September 2015
Volume 15, Issue 12
Vision Sciences Society Annual Meeting Abstract  |   September 2015
A guess today may be a strategic error tomorrow: Predicting intra-individual differences in visual working memory
Author Affiliations
  • Kristin Wilson
    Psychology, University of Toronto
  • April Au
    Psychology, University of Toronto
  • Jenny Shen
    Psychology, University of Toronto
  • Julie Ardron
    Psychology, University of Toronto
  • Justin Ruppel
    Psychology, University of Toronto
  • Gillian Einstein
    Psychology, University of Toronto
  • Susanne Ferber
    Psychology, University of Toronto
Journal of Vision September 2015, Vol.15, 77. doi:
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      Kristin Wilson, April Au, Jenny Shen, Julie Ardron, Justin Ruppel, Gillian Einstein, Susanne Ferber; A guess today may be a strategic error tomorrow: Predicting intra-individual differences in visual working memory. Journal of Vision 2015;15(12):77.

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      © ARVO (1962-2015); The Authors (2016-present)

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Inter-individual differences in visual working memory (VWM) are well documented, however, there has been less work exploring intra-individual differences or how VWM processes may fluctuate over time in healthy young adults. It has also been documented that VWM is impacted by changes in female sex hormones in menopausal woman, however, these hormones also fluctuate across the monthly cycle in young woman, granted to a lesser extent. Given the high prevalence of female participants in the majority of VWM studies, understanding whether there are in fact intra-individual changes in VWM performance over the monthly cycle may not only provide a novel contribution to the discussion of fixed vs. flexible capacities in VWM, but may also help explain unreplicable results or inconsistencies in the literature. Here, we compared performance on a VWM colour-wheel task in women at two time-points (at menstruation and ovulation). Employing the 3-component swap model of VWM (Bays, Catalao, & Husain, 2009), we estimated measures of probability of target, non-target (swaps between target and non-target items), and guess responses, addressing the question of whether VWM performance varies over time within individuals and whether this is due to changes in the number of target responses or the types of errors made. Interestingly the probability of target response did not differ between the two time-points, however, the types of errors did. When VWM is at capacity (load 4 and 6) women made more swap errors at ovulation and more guesses at menstruation. These results suggest that the amount of information held in VWM may increase at ovulation but this results in more interference, with no concomitant increase in target responses. These results reveal the presence of intra-individual differences in VWM performance (types of errors made) that follow cyclical patterns in the monthly hormone cycle in young woman.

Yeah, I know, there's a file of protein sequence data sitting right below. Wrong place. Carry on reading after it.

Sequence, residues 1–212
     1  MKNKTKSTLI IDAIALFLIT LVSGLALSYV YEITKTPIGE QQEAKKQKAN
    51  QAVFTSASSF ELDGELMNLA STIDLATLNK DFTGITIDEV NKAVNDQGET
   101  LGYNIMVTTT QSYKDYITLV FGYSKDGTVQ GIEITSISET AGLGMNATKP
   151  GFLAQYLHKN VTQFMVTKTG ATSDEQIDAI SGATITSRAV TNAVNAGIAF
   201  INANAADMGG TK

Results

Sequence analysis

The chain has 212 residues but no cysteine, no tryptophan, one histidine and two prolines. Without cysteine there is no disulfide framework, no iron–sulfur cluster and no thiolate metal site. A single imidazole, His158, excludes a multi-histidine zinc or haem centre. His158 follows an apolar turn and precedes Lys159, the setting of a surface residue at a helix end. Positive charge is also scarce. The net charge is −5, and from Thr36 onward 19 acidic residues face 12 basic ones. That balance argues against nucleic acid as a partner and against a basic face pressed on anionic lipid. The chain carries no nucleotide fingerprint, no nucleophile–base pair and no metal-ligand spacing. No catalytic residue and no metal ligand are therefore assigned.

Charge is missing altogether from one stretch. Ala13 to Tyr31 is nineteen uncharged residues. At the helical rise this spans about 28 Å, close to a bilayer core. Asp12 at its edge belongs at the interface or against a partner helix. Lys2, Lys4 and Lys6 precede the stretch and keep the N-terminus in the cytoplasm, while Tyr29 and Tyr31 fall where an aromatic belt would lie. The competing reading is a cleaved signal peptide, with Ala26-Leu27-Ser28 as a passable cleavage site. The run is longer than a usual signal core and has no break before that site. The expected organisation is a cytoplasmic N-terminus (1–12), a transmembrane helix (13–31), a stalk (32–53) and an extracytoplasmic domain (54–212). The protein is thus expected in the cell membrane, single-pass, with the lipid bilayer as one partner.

Meeting abstract presented at VSS 2015


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